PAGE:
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Financial Accounting for Local and State School Systems: 2009 Edition
NCES 2009-325
June 2009

Chapter 5: Financial Reporting — Government-Wide Statements — Reporting of Expenses

Governmental entities are required to present their government-wide financial statements on the accrual basis of accounting. Thus, the statement of activities reflects the expenses of the entity for the reporting period. Entities are required to report all expenses by activities and programs (by function), except certain indirect expenses, as explained below. GASB has defined direct expenses as those that are specifically associated with a service, program, or department and thus are clearly identifiable to a particular function. Direct expenses include both operating and nonoperating expenses, including depreciation and amortization of assets.

Functions, such as general administration or data-processing services, may include indirect expenses of other functions. Governmental entities are not required to allocate indirect expenses to other functions, but may choose to do so. If indirect expenses are allocated, direct and indirect expenses should be presented in separate columns. A column totaling direct and indirect expenses may be presented, but is not required. Indirect expenses may be allocated to any of the primary government's functions. Although there are no standards for determining an allocation methodology, there should be a reasonable basis for expense allocations.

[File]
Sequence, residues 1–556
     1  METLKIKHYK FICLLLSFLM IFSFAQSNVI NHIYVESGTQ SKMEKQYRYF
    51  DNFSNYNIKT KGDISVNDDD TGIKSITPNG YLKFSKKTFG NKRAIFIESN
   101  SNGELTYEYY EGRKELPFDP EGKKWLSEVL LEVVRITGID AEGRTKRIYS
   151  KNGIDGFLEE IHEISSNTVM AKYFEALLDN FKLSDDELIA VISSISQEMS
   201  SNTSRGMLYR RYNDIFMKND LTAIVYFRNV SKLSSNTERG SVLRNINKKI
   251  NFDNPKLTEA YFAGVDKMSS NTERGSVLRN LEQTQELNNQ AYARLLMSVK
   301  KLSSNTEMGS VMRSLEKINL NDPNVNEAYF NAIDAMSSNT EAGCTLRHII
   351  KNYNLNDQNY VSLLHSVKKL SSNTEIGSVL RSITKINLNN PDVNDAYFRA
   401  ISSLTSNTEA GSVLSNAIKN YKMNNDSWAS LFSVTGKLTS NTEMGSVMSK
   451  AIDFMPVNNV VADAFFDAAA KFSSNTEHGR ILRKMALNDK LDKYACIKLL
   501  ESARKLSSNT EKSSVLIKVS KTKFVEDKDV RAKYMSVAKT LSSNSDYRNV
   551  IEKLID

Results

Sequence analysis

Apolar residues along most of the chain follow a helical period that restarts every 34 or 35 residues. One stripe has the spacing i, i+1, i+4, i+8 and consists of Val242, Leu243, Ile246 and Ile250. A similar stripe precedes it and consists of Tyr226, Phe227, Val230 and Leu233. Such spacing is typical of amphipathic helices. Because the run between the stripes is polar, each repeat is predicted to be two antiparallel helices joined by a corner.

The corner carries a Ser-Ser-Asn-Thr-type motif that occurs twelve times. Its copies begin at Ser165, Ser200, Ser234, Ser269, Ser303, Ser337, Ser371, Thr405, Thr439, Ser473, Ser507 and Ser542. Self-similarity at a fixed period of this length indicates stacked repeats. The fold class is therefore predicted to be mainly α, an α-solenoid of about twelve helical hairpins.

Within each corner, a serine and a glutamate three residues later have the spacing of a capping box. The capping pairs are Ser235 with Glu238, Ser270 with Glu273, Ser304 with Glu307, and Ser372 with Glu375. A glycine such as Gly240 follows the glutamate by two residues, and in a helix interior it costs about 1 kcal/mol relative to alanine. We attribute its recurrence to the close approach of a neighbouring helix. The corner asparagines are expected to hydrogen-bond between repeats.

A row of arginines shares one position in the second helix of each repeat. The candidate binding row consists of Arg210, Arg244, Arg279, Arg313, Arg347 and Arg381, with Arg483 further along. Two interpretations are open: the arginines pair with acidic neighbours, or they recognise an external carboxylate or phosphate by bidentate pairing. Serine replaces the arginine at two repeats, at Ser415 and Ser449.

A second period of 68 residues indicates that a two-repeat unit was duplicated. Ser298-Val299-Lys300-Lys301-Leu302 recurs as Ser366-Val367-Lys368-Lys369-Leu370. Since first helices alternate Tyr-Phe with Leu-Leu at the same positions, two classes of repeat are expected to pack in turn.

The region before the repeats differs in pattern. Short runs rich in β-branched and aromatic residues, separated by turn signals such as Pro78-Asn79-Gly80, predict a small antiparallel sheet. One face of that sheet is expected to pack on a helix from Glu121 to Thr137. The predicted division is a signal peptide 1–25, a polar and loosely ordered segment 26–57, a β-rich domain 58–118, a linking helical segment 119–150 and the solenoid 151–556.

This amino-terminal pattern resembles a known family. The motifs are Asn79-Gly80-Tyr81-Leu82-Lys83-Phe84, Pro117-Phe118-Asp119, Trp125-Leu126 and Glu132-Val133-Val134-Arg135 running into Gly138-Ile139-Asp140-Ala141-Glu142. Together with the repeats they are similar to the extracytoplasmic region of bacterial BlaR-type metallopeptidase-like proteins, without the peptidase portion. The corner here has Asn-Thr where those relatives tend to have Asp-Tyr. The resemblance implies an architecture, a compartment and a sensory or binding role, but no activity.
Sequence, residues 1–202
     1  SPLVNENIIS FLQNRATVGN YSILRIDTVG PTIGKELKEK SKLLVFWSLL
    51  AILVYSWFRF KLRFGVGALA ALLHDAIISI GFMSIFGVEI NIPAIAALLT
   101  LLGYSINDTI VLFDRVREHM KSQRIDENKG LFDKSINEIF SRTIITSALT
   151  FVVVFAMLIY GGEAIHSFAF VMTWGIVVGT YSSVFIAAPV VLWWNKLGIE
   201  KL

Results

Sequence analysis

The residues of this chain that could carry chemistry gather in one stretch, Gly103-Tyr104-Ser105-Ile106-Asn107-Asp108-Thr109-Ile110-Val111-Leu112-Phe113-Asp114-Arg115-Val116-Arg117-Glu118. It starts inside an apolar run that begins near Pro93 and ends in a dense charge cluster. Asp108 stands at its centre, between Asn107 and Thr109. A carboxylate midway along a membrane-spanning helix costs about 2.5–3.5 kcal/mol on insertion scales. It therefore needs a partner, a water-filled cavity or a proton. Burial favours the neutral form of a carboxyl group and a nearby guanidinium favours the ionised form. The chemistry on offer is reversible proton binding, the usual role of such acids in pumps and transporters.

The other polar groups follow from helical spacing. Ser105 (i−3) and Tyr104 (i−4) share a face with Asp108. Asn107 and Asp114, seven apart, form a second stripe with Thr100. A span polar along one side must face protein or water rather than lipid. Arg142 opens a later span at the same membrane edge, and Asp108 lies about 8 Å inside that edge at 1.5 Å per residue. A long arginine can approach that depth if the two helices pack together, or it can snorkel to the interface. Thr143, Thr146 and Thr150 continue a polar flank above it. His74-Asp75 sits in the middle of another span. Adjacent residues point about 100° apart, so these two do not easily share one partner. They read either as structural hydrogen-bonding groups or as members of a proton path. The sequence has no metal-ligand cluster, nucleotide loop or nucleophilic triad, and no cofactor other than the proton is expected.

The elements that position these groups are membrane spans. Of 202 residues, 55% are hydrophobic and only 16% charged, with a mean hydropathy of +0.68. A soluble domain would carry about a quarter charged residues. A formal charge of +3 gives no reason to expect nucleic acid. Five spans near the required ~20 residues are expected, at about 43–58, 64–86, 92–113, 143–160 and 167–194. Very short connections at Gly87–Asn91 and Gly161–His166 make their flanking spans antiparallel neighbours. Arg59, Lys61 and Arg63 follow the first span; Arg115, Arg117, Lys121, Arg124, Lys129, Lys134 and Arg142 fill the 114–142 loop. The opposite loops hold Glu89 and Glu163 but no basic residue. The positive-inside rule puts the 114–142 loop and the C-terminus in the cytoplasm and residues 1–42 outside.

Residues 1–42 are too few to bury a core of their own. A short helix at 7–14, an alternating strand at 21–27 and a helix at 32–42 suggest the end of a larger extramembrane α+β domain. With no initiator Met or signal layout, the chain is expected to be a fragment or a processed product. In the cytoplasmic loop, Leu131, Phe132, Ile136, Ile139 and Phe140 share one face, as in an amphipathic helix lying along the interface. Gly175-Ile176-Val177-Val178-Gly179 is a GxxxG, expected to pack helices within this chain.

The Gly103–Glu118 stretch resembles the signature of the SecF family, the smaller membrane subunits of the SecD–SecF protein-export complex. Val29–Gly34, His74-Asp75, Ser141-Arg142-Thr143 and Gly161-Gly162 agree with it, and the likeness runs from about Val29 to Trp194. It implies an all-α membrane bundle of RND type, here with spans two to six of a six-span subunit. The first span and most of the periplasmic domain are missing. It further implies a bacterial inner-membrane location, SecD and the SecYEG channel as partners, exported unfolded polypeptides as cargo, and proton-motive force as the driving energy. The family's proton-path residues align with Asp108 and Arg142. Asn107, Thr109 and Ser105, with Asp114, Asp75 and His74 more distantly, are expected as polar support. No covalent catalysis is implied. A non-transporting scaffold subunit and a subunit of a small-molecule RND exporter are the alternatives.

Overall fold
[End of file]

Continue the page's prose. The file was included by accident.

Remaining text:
Depreciation expense should be included in the statement of activities as follows:

  • Capital assets that can be specifically identified with a function. Depreciation should be included in the direct expenses of that function.
  • "Shared" capital assets. Depreciation should be prorated as a direct expense of the appropriate functions on some reasonable allocation basis.
  • Capital assets that essentially serve all functions. Depreciation is not required to be included in the direct expenses of the various functions but may be reflected as a separate line captioned "unallocated depreciation" in the statement of activities or as part of the general government function. If an entity chooses to use a separate line in the statement of activities to report unallocated depreciation expense, it should clearly indicate in the footnotes to the financial statements that this line item does not include direct depreciation expenses of the other functions. Because school buildings often serve multiple functions, many school districts report the depreciation as "unallocated depreciation" for these assets.
  • General infrastructure assets. Depreciation should not be allocated to the various functions, but should be reported as a direct expense of the function that the reporting government normally associates with capital outlays or as a separate line in the statement of activities.
  • Interest expense. Interest on general long-term liabilities, including interest on capital leases or other vendor financing arrangements, should be considered an indirect expense. Interest on long-term debt should be included in direct expenses only when borrowing is essential to the creation or continuing existence of a program.

The difference between a "shared" capital asset and one that "essentially serves all functions" is the number of functions involved. As the number of functions increases, the ease, practicality, and usefulness of assigning depreciation to those functions decreases. Therefore, the depreciation of assets that serve many, or essentially all, functions is not required to be included in the direct expenses of those functions. A shared capital asset is generally used by only a few functions, and its use can be specifically identified to those functions.


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